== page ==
In this globalised world, an economic problem in one country will not get restricted to that country, but gets spread to other countries. The economies of most of the countries in the world are directly and indirectly dependent on the U.S.’s economy and with liberalization happening everywhere, the negative effects in USA will be felt everywhere and European countries are no exception to it. The worldwide recession in many economies is having a major negative impact in all sectors, and airline industry is no exception. Airline companies all over the world are fighting for their survival not even their success due to recession and the resultant effects like drop in passengers’ traffic, high operating costs, etc. International Air Transport Association (IATA) in February reported a 4.6 percent decline in world passenger traffic due to decreased customer demand, high cost of fuel, high cost of finance and low access to credit. (iata.org 2009). Different airlines including budget airlines as well have been counting their losses and responding to the prevailing economic condition. These losses are attributed to lower traffic volumes and higher than expected oil prices. Global economic crisis is battering even the biggest of airlines, with airlines like Air France, KLM, Delta Airlines, etc posting sizeable losses last year and has initiated plans to remove 40-50 mainline aircraft from its fleet to eliminate fixed costs. Like these airlines, British Airways also reported net loss in tunes of millions last year, blaming it on the weak pound and the global economic crisis. However, Ryanair has been able to salvage something, by beating recession somewhat and posting sizable profits. On the whole, recession and the resultant oil price are having a negative impact on the European airline industry.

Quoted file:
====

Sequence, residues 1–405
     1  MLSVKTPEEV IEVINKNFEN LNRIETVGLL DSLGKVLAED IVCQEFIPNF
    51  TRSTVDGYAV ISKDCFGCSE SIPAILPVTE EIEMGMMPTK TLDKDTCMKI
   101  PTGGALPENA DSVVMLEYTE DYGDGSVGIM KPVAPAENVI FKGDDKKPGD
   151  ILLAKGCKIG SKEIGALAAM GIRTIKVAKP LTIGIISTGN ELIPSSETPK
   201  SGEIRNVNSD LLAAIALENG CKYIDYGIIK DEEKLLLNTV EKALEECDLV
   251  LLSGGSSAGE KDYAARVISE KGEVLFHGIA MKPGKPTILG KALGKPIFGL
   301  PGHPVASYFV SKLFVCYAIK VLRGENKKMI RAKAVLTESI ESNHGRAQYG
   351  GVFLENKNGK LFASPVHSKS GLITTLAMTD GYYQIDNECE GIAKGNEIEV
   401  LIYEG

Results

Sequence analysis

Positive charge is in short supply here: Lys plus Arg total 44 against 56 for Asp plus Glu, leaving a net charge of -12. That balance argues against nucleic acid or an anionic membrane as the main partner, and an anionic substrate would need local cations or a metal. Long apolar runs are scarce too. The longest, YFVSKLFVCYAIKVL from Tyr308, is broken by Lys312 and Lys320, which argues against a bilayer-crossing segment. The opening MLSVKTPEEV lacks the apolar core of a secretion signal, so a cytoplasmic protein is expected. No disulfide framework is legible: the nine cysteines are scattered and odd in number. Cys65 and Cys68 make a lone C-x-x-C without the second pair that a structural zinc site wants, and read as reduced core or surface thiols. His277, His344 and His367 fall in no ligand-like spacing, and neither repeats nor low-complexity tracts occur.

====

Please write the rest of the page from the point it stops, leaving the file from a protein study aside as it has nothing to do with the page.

Operation management techniques
To obtain significant operational economies, airlines must take a careful look at the value chain and identify intrinsic high cost components that could be eliminated or reduced by changing the way the business operates. Normally, organisations can achieve low cost advantage through assets and competencies in operation which can be based on access to raw materials, low cost distribution, cost of labour, government subsidy, location cost, automation, purchase of inexpensive capital equipment and reduction of overhead. To travel in this track, airlines should incorporate lean management as part of its change management model. As stated and wished by Paul Coby, chief information officer at British Airways, “We need smart innovation and smart change...